Guests: ZEISS- Barry Andersson, Michael Schiehlen, Dr. Aurelian Dodoc
Topics: Compact Primes, Compact Zoom lenses, Anamorphic, other topics

Tuesday, April 8 - 05.00pm PDT
Guests: Canon, Blackmagic Design
Topics: New products from Canon and Blackmagic Design

Wednesday, April 9 – 10.00am PDT
Guests: Dana Cristensen DP, Mark & Gabi Hayes – Justin Jensen, CEO Cinetics
Topics: Running a successful Kickstarter campaign – Financing an indie projects & products, “Hasselhoff documentary” announcement and trailer premiere

Wednesday, April 9 - 06.00pm PDT
Guests: Steve Weiss, Jens Bogenhegn, Rodney Charters, ASC
Topics: New products from Zacuto, trends of NAB 2014 and what will shooting look like in the future?

Thursday, April 10 – 10.00am PDT
Guests: B&H – Gabriel Biderman (show lead sponsor)
Topics: Who are B&H? Philosophy and history of US’s largest pro camera dealer

Thursday, April 10 - 04.00pm PDT
Guests: The Bui Brothers, Jan Woletz and Christof G. Dertschei.
Topics: Financing indie films – crowdfunding or what else? Does shooting in 4K make sense – two very different positions ….

Please check back frequently as this schedule might be adjusted with new guests and shows to be added.

All credit is given to author cinema5DNino Leitner

Before I start, a short personal word.
Usually my preferred way of conducting a “video review” is to put the camera in a real world documentary situation and see how it works for me. Unfortunately, the original video review that was planned with the new Nikon D4s was cancelled at the last minute so my alternative was to shoot this short “morning scene”…

0J8K5558

Two years ago I was lucky enough to test the Nikon D4, a pre production model  (24h in 25p -night24h in 25p – day and “The University of Music and Performing Arts Vienna-image video”) so when the opportunity to test the new Nikon D4s came, I was very excited to see if Nikon’s engineers listened to user requests and made the camera (much) better than before. My expectations were high as Hiro Sebata, professional product manager at Nikon UK, said:  “For moviemaking in diverse conditions, D-Movie offers broadcast-quality video in multiple frame formats”.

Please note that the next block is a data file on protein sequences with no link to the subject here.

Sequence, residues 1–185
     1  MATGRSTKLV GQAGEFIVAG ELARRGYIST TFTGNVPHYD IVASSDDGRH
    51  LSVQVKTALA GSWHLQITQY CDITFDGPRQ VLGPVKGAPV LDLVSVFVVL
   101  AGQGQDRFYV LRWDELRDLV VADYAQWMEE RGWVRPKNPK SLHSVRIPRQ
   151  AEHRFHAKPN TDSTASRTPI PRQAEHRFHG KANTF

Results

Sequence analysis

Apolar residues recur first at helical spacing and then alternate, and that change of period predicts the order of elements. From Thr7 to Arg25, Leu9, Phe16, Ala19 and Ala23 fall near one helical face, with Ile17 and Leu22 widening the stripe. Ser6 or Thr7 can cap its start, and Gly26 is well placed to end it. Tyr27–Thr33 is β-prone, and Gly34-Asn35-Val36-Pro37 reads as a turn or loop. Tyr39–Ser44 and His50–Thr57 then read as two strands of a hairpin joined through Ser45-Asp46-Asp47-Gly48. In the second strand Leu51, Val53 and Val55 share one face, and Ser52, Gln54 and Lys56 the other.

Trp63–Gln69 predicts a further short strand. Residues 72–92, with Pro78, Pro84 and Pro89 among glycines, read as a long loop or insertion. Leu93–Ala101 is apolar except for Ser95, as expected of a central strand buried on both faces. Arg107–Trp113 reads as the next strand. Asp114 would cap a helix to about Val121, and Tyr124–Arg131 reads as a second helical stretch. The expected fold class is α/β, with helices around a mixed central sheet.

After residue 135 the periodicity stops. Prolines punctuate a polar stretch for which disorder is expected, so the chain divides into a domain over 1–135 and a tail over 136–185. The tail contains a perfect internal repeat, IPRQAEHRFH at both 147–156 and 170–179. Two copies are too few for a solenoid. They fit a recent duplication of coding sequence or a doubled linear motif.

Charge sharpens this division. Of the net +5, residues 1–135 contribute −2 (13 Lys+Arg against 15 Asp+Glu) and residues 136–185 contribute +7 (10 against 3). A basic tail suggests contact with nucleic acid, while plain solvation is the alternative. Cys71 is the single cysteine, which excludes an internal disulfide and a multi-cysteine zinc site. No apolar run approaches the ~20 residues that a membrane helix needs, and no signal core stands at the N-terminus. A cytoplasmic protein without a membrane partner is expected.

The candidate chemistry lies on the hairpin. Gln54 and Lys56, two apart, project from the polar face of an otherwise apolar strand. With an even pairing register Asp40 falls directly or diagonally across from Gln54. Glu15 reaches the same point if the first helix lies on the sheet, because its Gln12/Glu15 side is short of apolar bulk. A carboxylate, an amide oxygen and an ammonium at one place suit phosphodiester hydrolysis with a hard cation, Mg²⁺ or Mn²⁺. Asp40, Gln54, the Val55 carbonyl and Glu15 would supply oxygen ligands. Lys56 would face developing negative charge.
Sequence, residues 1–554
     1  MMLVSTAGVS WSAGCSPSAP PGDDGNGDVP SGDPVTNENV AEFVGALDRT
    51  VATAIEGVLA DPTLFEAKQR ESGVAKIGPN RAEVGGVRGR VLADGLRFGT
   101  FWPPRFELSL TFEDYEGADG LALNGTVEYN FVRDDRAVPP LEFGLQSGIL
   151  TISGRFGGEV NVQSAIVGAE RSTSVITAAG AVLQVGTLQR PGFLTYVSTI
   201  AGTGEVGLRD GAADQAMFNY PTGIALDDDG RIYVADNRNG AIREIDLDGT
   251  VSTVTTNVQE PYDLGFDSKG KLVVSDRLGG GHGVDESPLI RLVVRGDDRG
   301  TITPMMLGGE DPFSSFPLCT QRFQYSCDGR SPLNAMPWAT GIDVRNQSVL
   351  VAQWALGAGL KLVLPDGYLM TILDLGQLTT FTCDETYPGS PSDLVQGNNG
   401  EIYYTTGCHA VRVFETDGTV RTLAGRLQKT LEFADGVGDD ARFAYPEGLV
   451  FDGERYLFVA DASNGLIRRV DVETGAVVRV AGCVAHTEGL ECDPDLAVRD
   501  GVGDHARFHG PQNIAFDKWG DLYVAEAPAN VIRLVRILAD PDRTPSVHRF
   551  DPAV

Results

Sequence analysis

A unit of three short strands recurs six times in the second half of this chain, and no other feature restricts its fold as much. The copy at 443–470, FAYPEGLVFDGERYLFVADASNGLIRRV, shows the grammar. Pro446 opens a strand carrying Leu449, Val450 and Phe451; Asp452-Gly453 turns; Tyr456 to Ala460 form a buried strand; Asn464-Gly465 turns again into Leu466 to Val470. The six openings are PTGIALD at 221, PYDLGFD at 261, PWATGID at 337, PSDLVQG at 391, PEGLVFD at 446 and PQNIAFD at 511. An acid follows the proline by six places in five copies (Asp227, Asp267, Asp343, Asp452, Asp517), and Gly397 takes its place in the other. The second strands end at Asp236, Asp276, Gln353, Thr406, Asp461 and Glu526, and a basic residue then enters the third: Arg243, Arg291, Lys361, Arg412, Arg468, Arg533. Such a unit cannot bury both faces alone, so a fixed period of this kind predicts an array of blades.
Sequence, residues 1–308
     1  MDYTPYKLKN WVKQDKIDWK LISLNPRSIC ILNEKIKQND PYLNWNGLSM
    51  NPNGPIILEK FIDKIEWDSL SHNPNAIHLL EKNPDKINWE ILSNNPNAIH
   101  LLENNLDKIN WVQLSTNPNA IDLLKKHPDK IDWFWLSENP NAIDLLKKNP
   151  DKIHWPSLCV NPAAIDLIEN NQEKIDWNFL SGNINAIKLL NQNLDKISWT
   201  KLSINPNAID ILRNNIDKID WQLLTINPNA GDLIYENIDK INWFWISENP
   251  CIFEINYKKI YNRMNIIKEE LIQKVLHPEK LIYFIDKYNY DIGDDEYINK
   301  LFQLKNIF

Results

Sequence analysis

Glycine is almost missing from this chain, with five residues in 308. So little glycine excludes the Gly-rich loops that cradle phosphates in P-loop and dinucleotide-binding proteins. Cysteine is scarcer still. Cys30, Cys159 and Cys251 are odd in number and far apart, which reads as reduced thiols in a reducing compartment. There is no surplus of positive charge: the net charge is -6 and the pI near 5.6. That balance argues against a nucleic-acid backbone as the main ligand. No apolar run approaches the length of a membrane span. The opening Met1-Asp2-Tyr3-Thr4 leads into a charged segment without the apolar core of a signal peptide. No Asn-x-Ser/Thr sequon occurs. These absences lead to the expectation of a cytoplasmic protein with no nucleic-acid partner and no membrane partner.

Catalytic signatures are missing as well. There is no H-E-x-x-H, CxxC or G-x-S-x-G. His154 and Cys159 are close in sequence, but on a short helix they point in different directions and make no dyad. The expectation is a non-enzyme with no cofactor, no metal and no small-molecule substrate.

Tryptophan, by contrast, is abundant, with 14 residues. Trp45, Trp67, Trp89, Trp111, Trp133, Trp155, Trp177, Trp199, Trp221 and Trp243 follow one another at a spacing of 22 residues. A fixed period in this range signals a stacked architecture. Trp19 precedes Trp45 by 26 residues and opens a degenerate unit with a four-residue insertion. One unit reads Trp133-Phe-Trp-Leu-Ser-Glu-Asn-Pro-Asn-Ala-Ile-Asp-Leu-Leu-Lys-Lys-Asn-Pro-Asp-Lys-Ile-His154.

In reality some things did change for good:
• Full frame video image quality got a bit better (but it’s still not as sharp as we would like it to be).
• Audio level control is now available during recording.
• Quick autofocus can be activated before and during video recording with good results.
• 1080 50/60p was added!
• HDMI secured cable for a safe connection between an external recorder and the camera was added to the package.
• Moiré and aliasing reduced.

Controlling audio-Nikon D4s                     Quick autofocus button-Nikon D4s

0J8K5594    0J8K5593

Functions/features/sensor behaviour that stayed the same as in the original D4 model:
• Full HD crop mode video quality is very sharp just as on the D4!
• Clean HDMI output for an external recorder.
• Severe rolling shutter.
• Assign “PV” and “FN” buttons for almost smooth aperture control.

0J8K5587

 

 

 

One more feature that Nikon is very proud advertising is the “three sensor crop formats” (Full frame/APS-C/Native crop). In theory this is truly a great feature as it might allow you to use one lens in a variety of shooting situations but practically the video quality difference between those crop modes is too big and certainly can not be advertised as “broadcast quality” (FX and DX modes).

Another obstacle preventing  the user from getting the most out of the crop mode feature is the way the navigation for those modes is implemented in the menu. Totally senseless!

All in all, working with this camera left me with the same feeling I had when testing the original model. Nikon can certainly make great VDSLR cameras (see the video quality coming out of the D5300) but it will either cripple its usability (no full manual control modes) or, allow full control but cripple video quality performance.